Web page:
• I’m a big fan of a seasonal menu that makes every experience a different adventure.
  • Although sometimes it fun to go to a place where the owners are grumpy, I also like to frequent places who are nice to me and at least act like they care about their operation. These guys seem like they do.
  • Did somebody say duck fat?

The – (What somebody who doesn’t like this place would say)

  • Approaching 10 bucks for a grilled cheese sandwich? For reals?
  • There’s nothing better than good, cheap, grilled cheese sandwich. Why are they trying to bastardize this classic?

Morris Grilled Cheese Truck, Check their twitter for locations.


  • This truck, along with the rest of the GC trucks, sicken me….they need to be selling a side of “bend over” with every sandwich, b/c they are raping their customers with their overpriced swill….I tried the Morris muffalletta grill cheese back in the winter, and I am still furious I got suckered for nearly 10 bucks for a damn grill cheese with ham……it was weak as hell. But shame on me…I take full blame.

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      I’m with you. If you handed me $10, I still wouldn’t give them the money. Bad enough to charge all that, you don’t even get a sauce thrown in?

      If every one of those sandwiches were half the price, they should still be able to have a solid profit margin.

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      I hear you Goats.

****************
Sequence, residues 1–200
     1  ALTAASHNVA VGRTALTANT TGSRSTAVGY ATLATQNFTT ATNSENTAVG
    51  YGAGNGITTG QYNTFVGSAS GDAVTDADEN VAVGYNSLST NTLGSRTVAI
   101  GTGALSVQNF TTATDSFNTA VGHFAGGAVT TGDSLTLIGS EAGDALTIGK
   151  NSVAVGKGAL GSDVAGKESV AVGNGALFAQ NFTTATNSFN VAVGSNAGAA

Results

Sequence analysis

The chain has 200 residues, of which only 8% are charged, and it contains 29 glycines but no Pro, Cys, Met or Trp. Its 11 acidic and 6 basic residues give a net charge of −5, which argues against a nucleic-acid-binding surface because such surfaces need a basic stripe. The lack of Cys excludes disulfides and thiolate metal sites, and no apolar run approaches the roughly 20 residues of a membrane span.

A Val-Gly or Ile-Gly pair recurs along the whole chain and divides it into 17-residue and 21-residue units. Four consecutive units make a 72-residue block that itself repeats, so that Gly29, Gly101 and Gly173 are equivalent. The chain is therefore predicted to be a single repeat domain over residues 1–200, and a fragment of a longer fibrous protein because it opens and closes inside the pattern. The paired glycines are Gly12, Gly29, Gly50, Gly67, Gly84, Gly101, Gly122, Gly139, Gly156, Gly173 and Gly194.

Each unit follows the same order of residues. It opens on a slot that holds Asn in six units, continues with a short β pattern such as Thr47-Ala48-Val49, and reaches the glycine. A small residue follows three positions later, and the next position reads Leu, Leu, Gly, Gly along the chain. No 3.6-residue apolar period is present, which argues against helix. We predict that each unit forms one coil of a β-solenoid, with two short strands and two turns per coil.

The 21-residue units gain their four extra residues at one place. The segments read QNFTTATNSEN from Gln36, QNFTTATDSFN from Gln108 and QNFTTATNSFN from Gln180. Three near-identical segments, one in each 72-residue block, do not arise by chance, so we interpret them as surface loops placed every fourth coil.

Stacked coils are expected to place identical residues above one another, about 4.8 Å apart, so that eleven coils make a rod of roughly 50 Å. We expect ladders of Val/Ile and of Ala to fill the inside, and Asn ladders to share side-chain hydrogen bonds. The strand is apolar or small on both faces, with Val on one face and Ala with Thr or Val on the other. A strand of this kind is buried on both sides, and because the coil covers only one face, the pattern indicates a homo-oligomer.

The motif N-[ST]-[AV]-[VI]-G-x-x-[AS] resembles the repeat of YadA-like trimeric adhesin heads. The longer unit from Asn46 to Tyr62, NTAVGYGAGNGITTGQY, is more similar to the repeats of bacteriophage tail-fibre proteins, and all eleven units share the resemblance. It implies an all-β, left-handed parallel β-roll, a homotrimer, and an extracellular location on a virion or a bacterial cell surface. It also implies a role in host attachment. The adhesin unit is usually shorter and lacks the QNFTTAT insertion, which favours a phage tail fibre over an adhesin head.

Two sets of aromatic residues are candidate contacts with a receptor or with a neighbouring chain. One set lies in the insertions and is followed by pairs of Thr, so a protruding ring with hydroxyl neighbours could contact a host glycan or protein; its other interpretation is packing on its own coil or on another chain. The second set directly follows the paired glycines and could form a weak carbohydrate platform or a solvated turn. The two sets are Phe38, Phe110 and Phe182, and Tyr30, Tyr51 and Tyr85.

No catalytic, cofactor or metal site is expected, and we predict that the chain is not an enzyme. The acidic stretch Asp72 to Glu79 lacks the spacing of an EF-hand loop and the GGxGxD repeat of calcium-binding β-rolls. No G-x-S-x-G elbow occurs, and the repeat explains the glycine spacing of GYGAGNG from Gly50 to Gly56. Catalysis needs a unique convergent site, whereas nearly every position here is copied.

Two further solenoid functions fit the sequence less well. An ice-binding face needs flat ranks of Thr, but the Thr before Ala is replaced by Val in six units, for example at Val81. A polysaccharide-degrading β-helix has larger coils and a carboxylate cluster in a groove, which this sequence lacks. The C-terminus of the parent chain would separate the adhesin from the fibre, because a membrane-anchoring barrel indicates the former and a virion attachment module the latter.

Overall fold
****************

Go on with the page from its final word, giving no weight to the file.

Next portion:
What confuses me, is that they keep getting great reviews from blog after blog! I mean, WTF??!!

      How could these people who claim to know a lot about food keep sweating these guys over and over? It’s like, come on!!!

      I hear you too with Fish n Shrimp! That truck rules! You get like soooo much food for like not that much $$$!! That is what I’m all about too. I don’t care where the food comes from, or if it tastes really good; I just want to eat a lot for cheap.

      I recommend hittin’ up TGI Friday’s. They hook it up with tons of food for crazy cheap!!

  • I’m sure it was tasty, but FFS, the overcharging for a lightly-filled grilled cheese, made on a truck, reaches epic proportions here.

    But at least they have ramp butter!

  • Exactly to both of you! The epic, and I mean EPIC overcharging with this, is just unreal…It takes a lot of balls to charge what these trucks are charging for cheese and bread–and extra for sauces. Shut The Front Door! And having been suckered once, I am floored that this truck is still in business…..just on basic fiscal principle, this is a one and done.

  • wonder if i could start a truck selling PB&J and sell each for $5.50…and have people thinking its the best thing on earth. i mean, i’d have creamy PB, crunchy, the REAL stuff vs. skippy…it’d be great.

  • It’s whatever the market will bear. If you don’t want to pay $10 for a grilled cheese (like me), then don’t go. If there are enough suckers (ahem…GC connoisseurs) who sustain the business model, then more power to them. Some people also think bottled water is a racket.

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      I’m legitimately curious about places like this, and the makeup of their customer base – first time vs returning. I know some people have tons of money but I can’t imagine this being more than a novelty to the individual.

      How have the lines at Melt been lately?